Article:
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  • March Commander's Corner

    In order to grow and get better we must reflect on our actions both as individuals and organizations. In unprecedented times we must not accept the status quo in any aspects of our lives both personally and professionally. The last year has proven that the world is changing faster than any of us has ever imagined and we are faced with new challenges. We have witnessed a global pandemic, civil unrest and turmoil in our lives at every turn. However, as Swamp Foxes we have continued the mission, supported each other in both good and bad times, and kept faith that tomorrow will be better for us all. We must reflect on what we did well and where we have room for improvement to fulfill the hope of a better tomorrow.
  • March Chief's Perspective

    As I sit down to prepare my thoughts for this article I cannot help but feel very humbled by recently becoming a newly minted chief master sergeant within the best organization top to bottom that I’ve ever been associated with. I have spent the last 34 years of my 36-year career as a proud Swamp Fox constantly standing in awe of just how much collectively has been achieved while our Airmen and families serve to protect our state and nation. I would like to give you my perspective on leadership, how I think we are doing currently, and where we are headed for the future.
  • March Shirt Blast

    We're told from the get go that we need to be in a state of readiness. From basic, we had to hurry up and wait. In tech school, we had to be ready for class at a moment's notice. At your base now, are you ready to be deployed? I want you to think about readiness from a different, deeper perspective--about you, about your life. Are you ready for the next level (for example: promotion, goals, what's next in life)? 
  • March Chaplain's Reflections

    “So, you’re like an altar boy or something?” It was perhaps the most creative guess I’ve heard when I shared my Air Force job title. This guy I met at a barbeque is now my boyfriend, despite his comparison of me to a young catholic boy in robes. More often, I get a simple, “What the heck is a chaplain assistant?” It is true that we do assist the chaplains. But dealing with weighty issues such as where you’ll spend eternity is really only a very small part of a chaplain assistant’s day-to-day responsibilities. Instead, I like to think of our job as being a life coach. Or at least a life assistant coach.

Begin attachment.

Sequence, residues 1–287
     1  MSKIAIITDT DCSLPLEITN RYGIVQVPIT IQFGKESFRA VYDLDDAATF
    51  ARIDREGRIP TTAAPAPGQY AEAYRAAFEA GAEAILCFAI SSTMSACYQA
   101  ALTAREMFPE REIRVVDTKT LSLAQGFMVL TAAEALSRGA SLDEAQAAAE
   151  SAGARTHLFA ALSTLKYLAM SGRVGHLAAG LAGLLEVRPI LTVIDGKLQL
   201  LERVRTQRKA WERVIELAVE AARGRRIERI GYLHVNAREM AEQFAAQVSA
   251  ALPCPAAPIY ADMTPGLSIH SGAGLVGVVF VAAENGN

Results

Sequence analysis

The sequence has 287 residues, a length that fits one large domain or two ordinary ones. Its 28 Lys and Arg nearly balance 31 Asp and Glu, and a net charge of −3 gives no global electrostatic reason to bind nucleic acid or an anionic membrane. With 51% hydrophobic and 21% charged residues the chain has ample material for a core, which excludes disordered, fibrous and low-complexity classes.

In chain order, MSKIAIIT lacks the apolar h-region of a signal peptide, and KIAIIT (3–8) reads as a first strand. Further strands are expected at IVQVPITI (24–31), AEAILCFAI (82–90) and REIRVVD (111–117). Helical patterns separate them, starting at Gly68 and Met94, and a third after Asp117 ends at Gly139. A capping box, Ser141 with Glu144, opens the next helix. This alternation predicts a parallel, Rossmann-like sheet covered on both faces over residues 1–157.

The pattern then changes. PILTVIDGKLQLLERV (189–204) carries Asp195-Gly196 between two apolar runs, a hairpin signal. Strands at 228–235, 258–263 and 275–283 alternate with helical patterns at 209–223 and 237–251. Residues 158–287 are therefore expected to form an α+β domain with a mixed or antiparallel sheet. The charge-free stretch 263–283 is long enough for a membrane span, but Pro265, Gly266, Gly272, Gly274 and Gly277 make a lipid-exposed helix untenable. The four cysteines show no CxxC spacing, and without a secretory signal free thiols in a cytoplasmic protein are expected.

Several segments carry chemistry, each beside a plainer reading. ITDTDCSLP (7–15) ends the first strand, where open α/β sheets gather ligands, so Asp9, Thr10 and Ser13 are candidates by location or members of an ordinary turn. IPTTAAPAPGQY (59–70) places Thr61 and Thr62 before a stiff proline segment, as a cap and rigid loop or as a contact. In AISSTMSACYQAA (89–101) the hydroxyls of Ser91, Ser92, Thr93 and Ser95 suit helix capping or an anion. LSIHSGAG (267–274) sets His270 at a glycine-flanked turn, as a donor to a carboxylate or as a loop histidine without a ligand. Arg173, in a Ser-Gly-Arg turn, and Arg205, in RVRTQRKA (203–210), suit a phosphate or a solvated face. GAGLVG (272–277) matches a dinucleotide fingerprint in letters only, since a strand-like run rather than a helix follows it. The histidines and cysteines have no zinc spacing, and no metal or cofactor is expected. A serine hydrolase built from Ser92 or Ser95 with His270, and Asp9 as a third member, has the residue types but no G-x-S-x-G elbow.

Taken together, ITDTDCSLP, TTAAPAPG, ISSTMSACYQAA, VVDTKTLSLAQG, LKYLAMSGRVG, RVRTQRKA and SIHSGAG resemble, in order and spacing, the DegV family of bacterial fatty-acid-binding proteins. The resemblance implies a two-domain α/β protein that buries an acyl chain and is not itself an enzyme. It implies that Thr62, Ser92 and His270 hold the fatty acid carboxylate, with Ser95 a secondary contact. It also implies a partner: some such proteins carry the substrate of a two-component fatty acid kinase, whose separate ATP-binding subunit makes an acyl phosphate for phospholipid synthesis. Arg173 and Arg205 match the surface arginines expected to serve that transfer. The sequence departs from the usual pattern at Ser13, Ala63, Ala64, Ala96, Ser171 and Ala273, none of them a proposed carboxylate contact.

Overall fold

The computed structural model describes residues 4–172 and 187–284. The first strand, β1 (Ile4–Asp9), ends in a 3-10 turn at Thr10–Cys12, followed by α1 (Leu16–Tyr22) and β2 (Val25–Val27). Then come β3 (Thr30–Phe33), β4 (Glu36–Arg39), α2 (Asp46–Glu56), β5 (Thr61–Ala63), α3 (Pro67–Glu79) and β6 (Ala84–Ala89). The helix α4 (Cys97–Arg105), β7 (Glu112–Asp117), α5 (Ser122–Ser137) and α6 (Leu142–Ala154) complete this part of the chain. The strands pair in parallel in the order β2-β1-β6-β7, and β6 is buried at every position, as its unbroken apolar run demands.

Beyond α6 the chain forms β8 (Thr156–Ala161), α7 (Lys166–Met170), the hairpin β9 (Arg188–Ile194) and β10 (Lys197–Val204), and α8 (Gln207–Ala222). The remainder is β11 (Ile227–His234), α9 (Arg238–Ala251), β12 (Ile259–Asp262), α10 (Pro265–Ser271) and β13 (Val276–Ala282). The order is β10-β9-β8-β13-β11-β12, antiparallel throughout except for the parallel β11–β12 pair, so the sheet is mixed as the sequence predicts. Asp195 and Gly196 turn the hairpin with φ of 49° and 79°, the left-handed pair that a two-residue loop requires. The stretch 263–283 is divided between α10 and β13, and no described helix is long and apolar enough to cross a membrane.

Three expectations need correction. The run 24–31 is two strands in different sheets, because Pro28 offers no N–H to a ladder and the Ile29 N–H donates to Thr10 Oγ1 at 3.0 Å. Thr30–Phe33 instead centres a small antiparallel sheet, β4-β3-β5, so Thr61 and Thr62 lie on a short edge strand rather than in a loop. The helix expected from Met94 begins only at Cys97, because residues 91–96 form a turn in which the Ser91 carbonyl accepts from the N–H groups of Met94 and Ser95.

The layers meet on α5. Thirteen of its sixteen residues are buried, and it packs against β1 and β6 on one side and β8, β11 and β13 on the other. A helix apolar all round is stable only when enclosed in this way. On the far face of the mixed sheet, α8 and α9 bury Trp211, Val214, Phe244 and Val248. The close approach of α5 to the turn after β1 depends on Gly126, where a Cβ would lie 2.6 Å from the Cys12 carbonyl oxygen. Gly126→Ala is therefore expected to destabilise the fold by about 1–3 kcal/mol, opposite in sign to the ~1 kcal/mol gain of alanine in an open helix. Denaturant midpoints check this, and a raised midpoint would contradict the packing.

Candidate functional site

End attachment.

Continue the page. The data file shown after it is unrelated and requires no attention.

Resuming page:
• March Fitness Tips

    Sprint Workout Step by Step Guide
  • March Retiree's Corner

    This will be my fifth article honoring the Desert Storm Call-Up folks, and the second of ten articles honoring the 169th Consolidated Aircraft Maintenance Squadron (CAMS). I have received some other information from Don McManus about key maintenance personnel assigned to the 169th Maintenance Squadron.
  • February Commander's Corner

    I write this column from the Red Flag 21-1 exercise at Nellis AFB, Nevada. We are currently fulfilling the exercise air tasking order putting our nation’s air and space power capabilities on full display. Red Flag 21-1 demonstrates our military’s joint capabilities through a wide array of platforms and weapons systems.
  • February Shirt Blast

    “As Airmen, we are charged with upholding a culture founded on professionalism, dignity, and respect – that’s what our core values are about.” -Secretary of the Air Force Deborah Lee James When was the last time you looked at the “Little Blue Book”? It contains a wealth of knowledge and guidance. Some people are raised on the values contained in the book, and some people are not. Either way, Core Values are taught to all Airmen at basic training.  As a refresher, let’s talk about what they are.
  • February Fitness Tips

    Here are five tips for having a healthier 2021 and a dumbbell ab workout with some surprising core-challenging moves.
  • February Chaplain's Reflections

    Before I joined the Air National Guard in 2012, my weekends were consumed with hauling lawn mowers around town and working many hours cutting grass. This was the result of learning the industry while I was younger. During my middle school and high school years, the summers were filled with helping the baseball coach cut the school and ball fields during the summer breaks. This is where I gained my on-the-job training. 
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